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'\"
'\" Copyright (c) 1995-1996 Sun Microsystems, Inc.
'\"
'\" See the file "license.terms" for information on usage and redistribution
'\" of this file, and for a DISCLAIMER OF ALL WARRANTIES.
'\" 
'\" SCCS: @(#) safe.n 1.11 97/10/31 12:51:13
'\" 
.so man.macros
.TH "Safe Tcl" n 8.0 Tcl "Tcl Built-In Commands"
.BS
'\" Note:  do not modify the .SH NAME line immediately below!
.SH NAME
Safe Base \- A mechanism for creating and manipulating safe interpreters.
.SH SYNOPSIS
.PP
\fB::safe::interpCreate\fR ?\fIslave\fR? ?\fIoptions...\fR?
.sp
\fB::safe::interpInit\fR \fIslave\fR ?\fIoptions...\fR?
.sp
\fB::safe::interpConfigure\fR \fIslave\fR ?\fIoptions...\fR?
.sp
\fB::safe::interpDelete\fR \fIslave\fR
.sp
\fB::safe::interpAddToAccessPath\fR \fIslave\fR \fIdirectory\fR
.sp
\fB::safe::interpFindInAccessPath\fR \fIslave\fR \fIdirectory\fR
.sp
\fB::safe::setLogCmd\fR ?\fIcmd arg...\fR?
.SH OPTIONS
.PP
?\fB\-accessPath\fR \fIpathList\fR?
?\fB\-statics\fR \fIboolean\fR? ?\fB\-noStatics\fR?
?\fB\-nested\fR \fIboolean\fR? ?\fB\-nestedLoadOk\fR?
?\fB\-deleteHook\fR \fIscript\fR?
.BE

.SH DESCRIPTION
Safe Tcl is a mechanism for executing untrusted Tcl scripts
safely and for providing mediated access by such scripts to
potentially dangerous functionality.
.PP
The Safe Base ensures that untrusted Tcl scripts cannot harm the
hosting application.
The Safe Base prevents integrity and privacy attacks. Untrusted Tcl
scripts are prevented from corrupting the state of the hosting
application or computer. Untrusted scripts are also prevented from
disclosing information stored on the hosting computer or in the
hosting application to any party.
.PP
The Safe Base allows a master interpreter to create safe, restricted
interpreters that contain a set of predefined aliases for the \fBsource\fR,
\fBload\fR, \fBfile\fR and \fBexit\fR commands and
are able to use the auto-loading and package mechanisms.
.PP
No knowledge of the file system structure is leaked to the
safe interpreter, because it has access only to a virtualized path
containing tokens. When the safe interpreter requests to source a file, it
uses the token in the virtual path as part of the file name to source; the
master interpreter transparently 
translates the token into a real directory name and executes the 
requested operation (see the section \fBSECURITY\fR below for details).
Different levels of security can be selected by using the optional flags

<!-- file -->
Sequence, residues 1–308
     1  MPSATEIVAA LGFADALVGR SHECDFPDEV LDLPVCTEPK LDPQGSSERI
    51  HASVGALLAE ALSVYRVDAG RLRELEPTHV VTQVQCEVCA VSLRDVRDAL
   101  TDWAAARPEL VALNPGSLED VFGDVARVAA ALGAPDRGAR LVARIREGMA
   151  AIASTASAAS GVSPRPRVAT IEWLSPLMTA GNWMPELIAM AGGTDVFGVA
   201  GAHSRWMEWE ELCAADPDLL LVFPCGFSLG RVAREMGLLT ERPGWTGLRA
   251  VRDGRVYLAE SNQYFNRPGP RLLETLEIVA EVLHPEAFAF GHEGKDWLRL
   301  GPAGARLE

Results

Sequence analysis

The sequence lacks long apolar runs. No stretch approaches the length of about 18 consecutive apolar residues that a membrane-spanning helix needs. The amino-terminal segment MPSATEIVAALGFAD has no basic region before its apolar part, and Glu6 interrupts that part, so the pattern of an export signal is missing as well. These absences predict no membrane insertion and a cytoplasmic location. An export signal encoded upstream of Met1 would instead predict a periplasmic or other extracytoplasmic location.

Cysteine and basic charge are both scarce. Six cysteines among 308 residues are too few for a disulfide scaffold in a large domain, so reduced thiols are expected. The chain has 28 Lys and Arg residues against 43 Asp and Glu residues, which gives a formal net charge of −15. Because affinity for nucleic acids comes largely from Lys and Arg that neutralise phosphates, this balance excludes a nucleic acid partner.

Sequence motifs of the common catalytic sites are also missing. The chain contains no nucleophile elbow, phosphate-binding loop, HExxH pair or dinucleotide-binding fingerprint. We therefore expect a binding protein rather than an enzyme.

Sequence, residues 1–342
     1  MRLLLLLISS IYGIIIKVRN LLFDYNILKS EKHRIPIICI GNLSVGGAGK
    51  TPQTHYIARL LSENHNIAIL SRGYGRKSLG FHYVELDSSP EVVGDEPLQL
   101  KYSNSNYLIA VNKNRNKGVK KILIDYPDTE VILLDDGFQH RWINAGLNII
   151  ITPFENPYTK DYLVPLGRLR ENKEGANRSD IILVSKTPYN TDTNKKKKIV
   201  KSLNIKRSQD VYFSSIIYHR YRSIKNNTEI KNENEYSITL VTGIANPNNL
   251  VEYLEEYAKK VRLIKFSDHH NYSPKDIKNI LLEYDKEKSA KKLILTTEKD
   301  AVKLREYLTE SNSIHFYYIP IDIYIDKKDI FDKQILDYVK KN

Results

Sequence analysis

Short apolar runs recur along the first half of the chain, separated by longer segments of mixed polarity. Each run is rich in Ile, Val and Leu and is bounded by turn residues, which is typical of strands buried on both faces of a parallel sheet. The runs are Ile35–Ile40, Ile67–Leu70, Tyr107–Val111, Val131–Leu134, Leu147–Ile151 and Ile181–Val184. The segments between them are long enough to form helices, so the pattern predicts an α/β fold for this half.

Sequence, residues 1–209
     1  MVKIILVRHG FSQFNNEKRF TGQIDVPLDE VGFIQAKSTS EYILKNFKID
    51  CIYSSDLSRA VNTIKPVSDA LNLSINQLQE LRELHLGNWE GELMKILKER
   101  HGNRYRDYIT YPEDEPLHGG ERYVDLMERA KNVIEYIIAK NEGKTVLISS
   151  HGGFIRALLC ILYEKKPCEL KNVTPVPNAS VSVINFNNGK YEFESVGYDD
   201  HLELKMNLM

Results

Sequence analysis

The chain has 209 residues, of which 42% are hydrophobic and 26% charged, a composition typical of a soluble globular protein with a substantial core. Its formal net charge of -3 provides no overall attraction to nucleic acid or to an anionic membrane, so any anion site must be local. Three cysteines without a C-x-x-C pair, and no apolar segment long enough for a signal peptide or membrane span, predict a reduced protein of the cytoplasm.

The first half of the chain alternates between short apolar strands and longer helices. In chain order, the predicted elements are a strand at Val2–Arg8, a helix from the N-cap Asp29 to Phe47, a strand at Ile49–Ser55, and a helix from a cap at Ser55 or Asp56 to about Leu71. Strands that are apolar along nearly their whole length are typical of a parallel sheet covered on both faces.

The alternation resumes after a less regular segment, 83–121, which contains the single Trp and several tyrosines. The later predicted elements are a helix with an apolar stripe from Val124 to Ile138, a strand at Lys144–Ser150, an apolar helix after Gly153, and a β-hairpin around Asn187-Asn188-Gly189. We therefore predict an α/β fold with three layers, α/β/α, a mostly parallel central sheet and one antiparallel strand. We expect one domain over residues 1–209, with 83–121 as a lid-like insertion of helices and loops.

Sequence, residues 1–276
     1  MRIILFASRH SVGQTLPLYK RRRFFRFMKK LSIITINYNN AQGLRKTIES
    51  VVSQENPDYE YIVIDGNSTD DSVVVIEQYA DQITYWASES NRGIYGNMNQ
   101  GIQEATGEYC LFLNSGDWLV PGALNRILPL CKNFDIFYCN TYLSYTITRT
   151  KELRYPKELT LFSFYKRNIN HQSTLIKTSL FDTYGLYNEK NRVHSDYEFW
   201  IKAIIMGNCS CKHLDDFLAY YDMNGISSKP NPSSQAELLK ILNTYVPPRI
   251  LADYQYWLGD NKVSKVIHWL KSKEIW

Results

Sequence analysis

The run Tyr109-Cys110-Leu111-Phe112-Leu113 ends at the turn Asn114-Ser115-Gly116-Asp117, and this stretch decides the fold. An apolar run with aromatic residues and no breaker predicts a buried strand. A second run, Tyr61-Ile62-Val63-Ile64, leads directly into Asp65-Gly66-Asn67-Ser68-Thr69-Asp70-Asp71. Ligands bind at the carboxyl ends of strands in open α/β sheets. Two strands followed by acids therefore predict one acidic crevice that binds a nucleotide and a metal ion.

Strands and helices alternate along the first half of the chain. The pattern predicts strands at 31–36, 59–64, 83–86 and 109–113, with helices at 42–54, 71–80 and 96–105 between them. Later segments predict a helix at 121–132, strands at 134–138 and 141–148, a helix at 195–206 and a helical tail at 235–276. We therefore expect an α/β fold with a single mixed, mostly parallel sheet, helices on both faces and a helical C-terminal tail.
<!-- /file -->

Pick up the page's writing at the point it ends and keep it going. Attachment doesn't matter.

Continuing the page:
of the commands described below.
.PP
All commands provided in the master interpreter by the Safe Base reside in
the \fBsafe\fR namespace:

.SH COMMANDS
The following commands are provided in the master interpreter:
.TP
\fB::safe::interpCreate\fR ?\fIslave\fR? ?\fIoptions...\fR?
Creates a safe interpreter, installs the aliases described in the section
\fBALIASES\fR and initializes the auto-loading and package mechanism as
specified by the supplied \fBoptions\fR.
See the \fBOPTIONS\fR section below for a description of the
optional arguments.
If the \fIslave\fR argument is omitted, a name will be generated.
\fB::safe::interpCreate\fR always returns the interpreter name.
.TP
\fB::safe::interpInit\fR \fIslave\fR ?\fIoptions...\fR?
This command is similar to \fBinterpCreate\fR except it that does not
create the safe interpreter. \fIslave\fR must have been created by some
other means, like \fBinterp create \-safe\fR.
.TP
\fB::safe::interpConfigure\fR \fIslave\fR ?\fIoptions...\fR?
If no \fIoptions\fR are given, returns the settings for all options for the
named safe interpreter as a list of options and their current values
for that \fIslave\fR. 
If a single additional argument is provided,
it will return a list of 2 elements \fIname\fR and \fIvalue\fR where
\fIname\fR is the full name of that option and \fIvalue\fR the current value
for that option and the \fIslave\fR.
If more than two additional arguments are provided, it will reconfigure the
safe interpreter and change each and only the provided options.
See the section on \fBOPTIONS\fR below for options description.
Example of use:
.RS
.CS
# Create a new interp with the same configuration as "$i0" :
set i1 [eval safe::interpCreate [safe::interpConfigure $i0]]
# Get the current deleteHook
set dh [safe::interpConfigure $i0  \-del]
# Change (only) the statics loading ok attribute of an interp
# and its deleteHook (leaving the rest unchanged) :
safe::interpConfigure $i0  \-delete {foo bar} \-statics 0 ;
.CE
.RE
.TP
\fB::safe::interpDelete\fR \fIslave\fR
Deletes the safe interpreter and cleans up the corresponding  
master interpreter data structures.
If a \fIdeleteHook\fR script was specified for this interpreter it is
evaluated before the interpreter is deleted, with the name of the
interpreter as an additional argument.
.TP
\fB::safe::interpFindInAccessPath\fR \fIslave\fR \fIdirectory\fR
This command finds and returns the token for the real directory
\fIdirectory\fR in the safe interpreter's current virtual access path.
It generates an error if the directory is not found.
Example of use:
.RS
.CS